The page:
Special edition of 250cc sports bikes

Young Machine scoops are spreading overseas (1)

  • 2018/6/2

Our “Frontline battle ground ” 250SS-WARS scoop from the May 2018 special edition (Released for sale 24th March) has been published by Indonesian motorcycle media. References made to our CG images often circulate the internet, but this time it actually went into printed form.     

As expected, 250 sports bikes are gaining attention worldwide

In a country that has many passionate sports bike fans, the specialist tabloid newspaper “MOTOR PLUS” in Indonesia is very well known, and recently it published an almost like for like scoop of ours from the May edition. The published article has appeared thanks to our joint business relationship, and shows how there is much hype over there for 250cc sports bikes. As expected for a country that produces the CBR250RR, the trends of other rivals becomes a big matter of interest. So here we are going to introduce a section of the scoop that was also published by MOTOR PLUS.

Here is the MOTOR PLUS special edition front cover and inside pages of the 250cc sports bike scoop taken from our May edition. “MOTOR PLUS” is known to be the biggest bike media in Indonesia, and around 200,000 copies are printed in weekly publications for a price of about 55 US cents. We have published the content from the article about the Suzuki at the top in the space below here.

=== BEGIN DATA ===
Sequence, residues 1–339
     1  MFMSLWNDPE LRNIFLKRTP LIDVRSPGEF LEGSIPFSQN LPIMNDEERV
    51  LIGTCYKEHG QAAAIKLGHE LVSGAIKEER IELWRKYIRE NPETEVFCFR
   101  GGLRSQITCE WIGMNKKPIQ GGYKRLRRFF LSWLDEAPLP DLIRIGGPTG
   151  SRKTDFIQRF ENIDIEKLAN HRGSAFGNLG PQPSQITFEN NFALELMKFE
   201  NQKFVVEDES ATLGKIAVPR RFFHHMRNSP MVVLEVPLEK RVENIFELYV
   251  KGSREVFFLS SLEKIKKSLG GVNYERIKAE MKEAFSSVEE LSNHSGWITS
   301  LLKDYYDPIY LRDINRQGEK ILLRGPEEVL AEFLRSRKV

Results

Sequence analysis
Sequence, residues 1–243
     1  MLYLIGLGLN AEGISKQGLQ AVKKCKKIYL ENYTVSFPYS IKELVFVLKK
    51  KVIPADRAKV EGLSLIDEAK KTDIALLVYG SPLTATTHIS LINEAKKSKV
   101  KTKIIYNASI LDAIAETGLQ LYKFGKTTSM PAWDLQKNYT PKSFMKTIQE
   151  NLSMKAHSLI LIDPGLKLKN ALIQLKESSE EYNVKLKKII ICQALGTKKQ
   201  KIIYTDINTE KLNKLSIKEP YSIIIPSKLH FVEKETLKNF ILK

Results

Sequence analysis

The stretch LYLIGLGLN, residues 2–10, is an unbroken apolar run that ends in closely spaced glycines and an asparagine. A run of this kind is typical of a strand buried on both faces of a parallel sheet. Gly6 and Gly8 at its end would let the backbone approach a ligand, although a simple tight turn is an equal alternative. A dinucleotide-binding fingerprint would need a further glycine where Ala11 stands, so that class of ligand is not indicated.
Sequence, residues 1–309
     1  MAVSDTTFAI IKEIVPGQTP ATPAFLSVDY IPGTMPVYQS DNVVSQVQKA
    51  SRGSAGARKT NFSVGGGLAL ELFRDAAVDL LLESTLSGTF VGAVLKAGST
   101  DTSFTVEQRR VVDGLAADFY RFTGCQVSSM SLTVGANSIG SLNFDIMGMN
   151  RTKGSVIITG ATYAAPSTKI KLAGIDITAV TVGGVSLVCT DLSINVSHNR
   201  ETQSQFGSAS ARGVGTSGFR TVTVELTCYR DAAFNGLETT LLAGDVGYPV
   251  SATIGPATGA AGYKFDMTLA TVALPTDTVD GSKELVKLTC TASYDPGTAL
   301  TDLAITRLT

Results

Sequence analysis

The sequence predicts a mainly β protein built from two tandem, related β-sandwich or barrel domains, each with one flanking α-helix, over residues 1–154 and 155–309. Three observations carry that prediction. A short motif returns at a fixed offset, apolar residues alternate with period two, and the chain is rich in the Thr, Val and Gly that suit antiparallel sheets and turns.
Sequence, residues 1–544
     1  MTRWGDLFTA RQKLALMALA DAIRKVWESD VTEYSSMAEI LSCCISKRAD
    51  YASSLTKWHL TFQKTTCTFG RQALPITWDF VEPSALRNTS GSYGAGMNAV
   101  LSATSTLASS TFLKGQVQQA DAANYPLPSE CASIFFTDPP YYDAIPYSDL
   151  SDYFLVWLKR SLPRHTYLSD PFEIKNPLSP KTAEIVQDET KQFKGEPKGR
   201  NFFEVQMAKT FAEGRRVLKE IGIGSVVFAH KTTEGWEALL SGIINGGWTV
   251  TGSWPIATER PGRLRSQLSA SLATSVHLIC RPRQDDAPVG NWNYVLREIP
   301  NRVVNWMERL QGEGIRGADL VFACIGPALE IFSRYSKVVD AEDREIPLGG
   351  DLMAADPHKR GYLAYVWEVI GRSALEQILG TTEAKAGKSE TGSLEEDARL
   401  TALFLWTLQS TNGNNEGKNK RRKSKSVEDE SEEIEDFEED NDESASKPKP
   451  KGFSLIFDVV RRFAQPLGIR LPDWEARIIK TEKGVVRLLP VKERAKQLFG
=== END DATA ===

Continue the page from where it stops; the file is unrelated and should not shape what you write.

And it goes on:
Is this Suzuki 250 going to be a killer ultra-lightweight “oil cooled” sports bike?!

Suzuki had continued to be in the red with its motorcycle production, but thankfully managed to get itself back into the black as of late. (Based on the second half of the fiscal year from April – September of 2017). In particular, the Asian regions are turning over favourably. The release of the GSX-R150 was a big hit in Indonesia, so it seems this made a large contribution to sales. From our standpoint too we are truly glad to hear about this, and whilst the going is good we very much hope this allows for new styles to be created amongst the 250 sports bikes.

At present Suzuki have the GSX250R in the same class as its rivals, but the others clearly differentiate in character and practical use. Such is the case that fans have been waiting a long time for the next generation of 250 sports bike from Suzuki. Well, after having made some enquiries we have come to hear the rumour of how a new “oil cooled, single-cylinder sports bike is in the midst of planning”. When it comes to oil cooled Suzuki’s, we all tend to think of it as an old boys favourite, as you come to associate it with the GSX-R750 lineage that conquered the endurance races in the eighties. Undeniably, the strong points of oil cooling is its “lightness”. Also, it needs fewer parts than water cooling, and on top of being lightweight and compact it can all be accomplished at low cost. It also draws close with water cooling in terms of cooling ability, and of course fuel consumption is better than air cooled machines. Even when it comes to power it can be hoped that it will be somewhat equivalent to a water cooled machine.